The video was posted on YouTube about five years ago, and it is most likely from a video game.
"Let me tell you [pause] about Russia," Moussa said in introducing the footage. "Russia does not play around. America was just playing, it wasn't trying to hit Daesh [the Islamic State]. If anything, they were patting Daesh on the back, funding and arming them.
"The Russians did it. Yes, this is the Russian army, this is Russian weaponry, this is [Vladimir] Putin. Yes, they are countering terrorism, truly countering it. Now you will see a terrifying video, terrifying."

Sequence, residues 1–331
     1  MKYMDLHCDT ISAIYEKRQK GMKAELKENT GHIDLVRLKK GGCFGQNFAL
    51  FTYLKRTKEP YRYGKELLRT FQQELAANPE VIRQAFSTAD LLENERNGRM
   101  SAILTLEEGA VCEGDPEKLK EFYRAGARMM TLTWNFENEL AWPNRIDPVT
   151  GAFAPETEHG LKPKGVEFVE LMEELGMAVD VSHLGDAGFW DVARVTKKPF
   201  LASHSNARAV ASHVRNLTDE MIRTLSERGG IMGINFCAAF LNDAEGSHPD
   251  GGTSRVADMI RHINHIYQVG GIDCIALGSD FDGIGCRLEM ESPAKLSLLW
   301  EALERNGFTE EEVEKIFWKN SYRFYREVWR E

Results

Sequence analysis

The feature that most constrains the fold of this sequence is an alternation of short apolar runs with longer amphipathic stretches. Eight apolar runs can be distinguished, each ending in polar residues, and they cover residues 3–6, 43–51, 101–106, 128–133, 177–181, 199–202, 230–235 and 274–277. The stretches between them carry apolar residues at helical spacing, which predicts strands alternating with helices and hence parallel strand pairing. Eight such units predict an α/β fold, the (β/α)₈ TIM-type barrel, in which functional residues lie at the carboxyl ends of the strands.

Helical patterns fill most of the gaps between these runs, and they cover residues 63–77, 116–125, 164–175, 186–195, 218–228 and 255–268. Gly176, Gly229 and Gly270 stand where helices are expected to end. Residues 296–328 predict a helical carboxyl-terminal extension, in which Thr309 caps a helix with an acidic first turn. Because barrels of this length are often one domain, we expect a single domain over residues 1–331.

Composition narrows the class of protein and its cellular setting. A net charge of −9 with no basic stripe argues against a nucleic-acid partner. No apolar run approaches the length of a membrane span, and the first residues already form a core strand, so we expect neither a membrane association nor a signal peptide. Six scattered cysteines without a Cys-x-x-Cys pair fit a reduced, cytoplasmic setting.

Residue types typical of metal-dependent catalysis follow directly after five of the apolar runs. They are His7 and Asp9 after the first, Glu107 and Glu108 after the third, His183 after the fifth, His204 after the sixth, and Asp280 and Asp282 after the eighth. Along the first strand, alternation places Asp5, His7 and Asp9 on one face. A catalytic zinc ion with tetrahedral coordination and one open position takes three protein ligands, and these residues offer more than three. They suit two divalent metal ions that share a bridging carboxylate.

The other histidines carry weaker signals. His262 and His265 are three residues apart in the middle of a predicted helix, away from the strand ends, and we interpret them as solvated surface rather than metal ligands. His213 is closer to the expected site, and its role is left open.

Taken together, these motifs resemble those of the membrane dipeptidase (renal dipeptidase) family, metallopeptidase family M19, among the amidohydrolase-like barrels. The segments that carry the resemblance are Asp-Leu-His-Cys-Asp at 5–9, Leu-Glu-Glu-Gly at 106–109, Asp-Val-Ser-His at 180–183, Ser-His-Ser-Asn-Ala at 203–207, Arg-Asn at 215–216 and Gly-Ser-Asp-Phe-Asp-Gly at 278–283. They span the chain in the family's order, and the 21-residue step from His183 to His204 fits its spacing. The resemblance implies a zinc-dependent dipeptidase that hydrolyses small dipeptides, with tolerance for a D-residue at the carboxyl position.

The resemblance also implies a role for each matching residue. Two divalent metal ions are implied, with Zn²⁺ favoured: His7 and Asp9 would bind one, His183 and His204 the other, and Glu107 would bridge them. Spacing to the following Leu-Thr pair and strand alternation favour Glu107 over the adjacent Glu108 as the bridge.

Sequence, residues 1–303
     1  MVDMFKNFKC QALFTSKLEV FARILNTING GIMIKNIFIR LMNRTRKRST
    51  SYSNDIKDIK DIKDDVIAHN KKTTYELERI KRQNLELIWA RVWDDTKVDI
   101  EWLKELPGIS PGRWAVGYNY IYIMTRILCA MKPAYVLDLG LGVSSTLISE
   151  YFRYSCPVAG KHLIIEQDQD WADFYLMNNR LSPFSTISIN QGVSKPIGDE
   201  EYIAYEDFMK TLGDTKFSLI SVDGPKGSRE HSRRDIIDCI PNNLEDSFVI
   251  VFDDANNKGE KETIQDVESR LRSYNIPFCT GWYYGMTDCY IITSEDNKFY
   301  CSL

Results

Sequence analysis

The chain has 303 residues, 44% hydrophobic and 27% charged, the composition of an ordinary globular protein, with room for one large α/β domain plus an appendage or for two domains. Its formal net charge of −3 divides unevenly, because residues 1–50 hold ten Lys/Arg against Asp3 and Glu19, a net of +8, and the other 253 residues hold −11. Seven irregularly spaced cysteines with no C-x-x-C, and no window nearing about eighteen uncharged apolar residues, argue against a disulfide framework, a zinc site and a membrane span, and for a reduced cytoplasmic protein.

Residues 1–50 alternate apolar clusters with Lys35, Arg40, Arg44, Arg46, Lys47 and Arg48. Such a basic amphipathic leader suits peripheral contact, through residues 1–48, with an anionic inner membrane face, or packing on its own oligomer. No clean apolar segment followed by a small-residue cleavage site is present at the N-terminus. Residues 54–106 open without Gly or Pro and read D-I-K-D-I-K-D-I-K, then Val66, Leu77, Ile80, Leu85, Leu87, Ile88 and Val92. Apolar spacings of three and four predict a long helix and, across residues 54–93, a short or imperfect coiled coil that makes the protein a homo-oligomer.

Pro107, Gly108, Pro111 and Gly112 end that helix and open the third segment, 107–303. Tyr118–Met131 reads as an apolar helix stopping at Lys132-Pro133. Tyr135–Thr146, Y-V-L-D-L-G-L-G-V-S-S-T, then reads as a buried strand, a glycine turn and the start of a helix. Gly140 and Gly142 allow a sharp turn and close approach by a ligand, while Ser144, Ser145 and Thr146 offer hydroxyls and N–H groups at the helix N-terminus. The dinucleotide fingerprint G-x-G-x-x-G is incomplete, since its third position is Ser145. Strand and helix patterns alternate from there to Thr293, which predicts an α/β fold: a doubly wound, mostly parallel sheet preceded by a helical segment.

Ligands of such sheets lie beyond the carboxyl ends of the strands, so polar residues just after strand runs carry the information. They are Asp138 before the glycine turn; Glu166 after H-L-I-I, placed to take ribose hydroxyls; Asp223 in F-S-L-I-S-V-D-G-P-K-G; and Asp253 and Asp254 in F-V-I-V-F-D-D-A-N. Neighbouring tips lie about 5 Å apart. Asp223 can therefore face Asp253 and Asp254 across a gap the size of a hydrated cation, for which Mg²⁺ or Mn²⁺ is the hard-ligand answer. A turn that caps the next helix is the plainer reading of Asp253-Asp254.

Terrifying indeed — but not for the reasons Moussa thought.
According to the website Egyptian Streets, the footage is from the video game Apache Air Assault, which was developed by Russia's Gaijin Entertainment and released in 2010.
Moussa seemed to think that the footage was clear proof of the Russian military's superiority over its U.S. counterparts.
"Did you all see the precision?" he asked. "These are terrorists and militias and tanks, as you can see. These are Daesh fighters, and they have some weapons. And see there's this car, but in moments — gone."
Online, Moussa's blunder became a meme:
Moussa has had his share of trouble with the truth in the past.
But it is just one of several instances in which legal action was taken against him over similar accusations.
Heba Habib in Cairo contributed to this report.